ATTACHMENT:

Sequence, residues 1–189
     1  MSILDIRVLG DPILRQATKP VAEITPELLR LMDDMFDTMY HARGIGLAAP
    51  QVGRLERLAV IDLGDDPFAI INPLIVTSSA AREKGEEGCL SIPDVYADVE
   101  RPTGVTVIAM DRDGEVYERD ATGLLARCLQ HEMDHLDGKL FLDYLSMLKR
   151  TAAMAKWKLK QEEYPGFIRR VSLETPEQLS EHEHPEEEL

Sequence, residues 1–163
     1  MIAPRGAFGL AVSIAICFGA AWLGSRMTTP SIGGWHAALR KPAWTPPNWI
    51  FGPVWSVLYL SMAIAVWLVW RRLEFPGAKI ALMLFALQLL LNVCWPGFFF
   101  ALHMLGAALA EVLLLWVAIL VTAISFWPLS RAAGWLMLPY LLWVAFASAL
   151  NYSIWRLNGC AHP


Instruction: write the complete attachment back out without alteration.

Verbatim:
Sequence, residues 1–189
     1  MSILDIRVLG DPILRQATKP VAEITPELLR LMDDMFDTMY HARGIGLAAP
    51  QVGRLERLAV IDLGDDPFAI INPLIVTSSA AREKGEEGCL SIPDVYADVE
   101  RPTGVTVIAM DRDGEVYERD ATGLLARCLQ HEMDHLDGKL FLDYLSMLKR
   151  TAAMAKWKLK QEEYPGFIRR VSLETPEQLS EHEHPEEEL

Sequence, residues 1–163
     1  MIAPRGAFGL AVSIAICFGA AWLGSRMTTP SIGGWHAALR KPAWTPPNWI
    51  FGPVWSVLYL SMAIAVWLVW RRLEFPGAKI ALMLFALQLL LNVCWPGFFF
   101  ALHMLGAALA EVLLLWVAIL VTAISFWPLS RAAGWLMLPY LLWVAFASAL
   151  NYSIWRLNGC AHP